The sounds of liberalism: an initial sampling
Let’s listen to some liberal voices over the past two centuries, since it became a recognizable set of political principles, as well as a powerful ideology. First there are the enthusiastic voices:
Liberalism … begins with the recognition that men, do what they will, are free; that a man’s acts are his own, spring from his own personality, and cannot be coerced. (R.G. Collingwood)
Liberals regard as sacred the right of everyone, however humble, odd, or inarticulate, to criticize the government. (Leo Strauss)
The word liberal is a word primarily of political import, but its political meaning defines itself by the quality of life it envisages, by the sentiments it desires to affirm. (Lionel Trilling)
Liberalism is an all-penetrating element of the life-structure of the modern world …Liberalism is the belief that society can safely be founded on this self-directing power of personality, that it is only on this foundation that a true community can be built. (L.T. Hobhouse)
Then there are the critical voices. In one version, liberals are class-based exploiters of the advantages of the market. ‘The practice of this energetic bourgeois liberalism’, wrote Karl Marx and Friedrich Engels, referring to French and German middle class interests around the time of the French Revolution, ‘showed itself …in shameless bourgeois profit-making’. In another version, liberals transform politics into an arena of disruptive competition and discord, instead of a search for solidarity and unity. Thus the post-Marxist philosopher Chantal Mouffe wrote that ‘Liberalism simply transposes into the public realm the diversity of interests already existing in society and reduces the political moment to the process of negotiation among interests.’ Many American conservatives employ liberalism as a pejorative term, and relate it to an over-interventionist and heavily spending government, or to an exaggerated concern with the rights of minorities and the marginalized at the expense of responsible citizens, who should not have to carry the burden of other people’s failings. The American conservative writer, Russell Kirk, complained that ‘the present-day liberal, become an advocate of the tyranny of the state in every field, offers as an apology his intention of freeing the people’.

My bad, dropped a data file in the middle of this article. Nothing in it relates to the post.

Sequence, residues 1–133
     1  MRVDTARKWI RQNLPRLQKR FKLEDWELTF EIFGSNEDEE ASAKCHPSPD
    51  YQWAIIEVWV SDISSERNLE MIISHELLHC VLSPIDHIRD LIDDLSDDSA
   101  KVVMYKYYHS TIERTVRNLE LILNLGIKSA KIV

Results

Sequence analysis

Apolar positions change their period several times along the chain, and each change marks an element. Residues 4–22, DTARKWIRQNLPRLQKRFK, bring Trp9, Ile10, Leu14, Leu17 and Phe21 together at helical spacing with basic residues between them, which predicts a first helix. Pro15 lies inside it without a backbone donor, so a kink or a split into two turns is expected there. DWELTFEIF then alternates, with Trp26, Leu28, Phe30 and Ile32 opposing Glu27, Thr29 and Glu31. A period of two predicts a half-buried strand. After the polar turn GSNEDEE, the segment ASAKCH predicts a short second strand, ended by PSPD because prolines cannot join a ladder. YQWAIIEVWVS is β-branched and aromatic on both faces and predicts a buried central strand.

Finally we have the voices of professional political theorists and philosophers. It is within this group that liberalism is predominantly regarded as a theory of justice and public virtue. As the philosopher John Rawls expressed it: ‘The content of a liberal political conception of justice has three main elements: a list of equal basic rights and liberties, a priority for those freedoms, and an assurance that all members of society have adequate all-purpose means to make use of these rights and liberties.’ Another version is that of the scholar of jurisprudence Ronald Dworkin, who from a legal-moral perspective defined liberalism as consisting of a particular theory of equality, whereby citizens are treated as equal by insisting ‘that government must be neutral on what might be called the question of the good life’. The assumption here is that an individual is the best choice exerciser for her or his own life and that governments should steer clear of dictating moral options in the private sphere.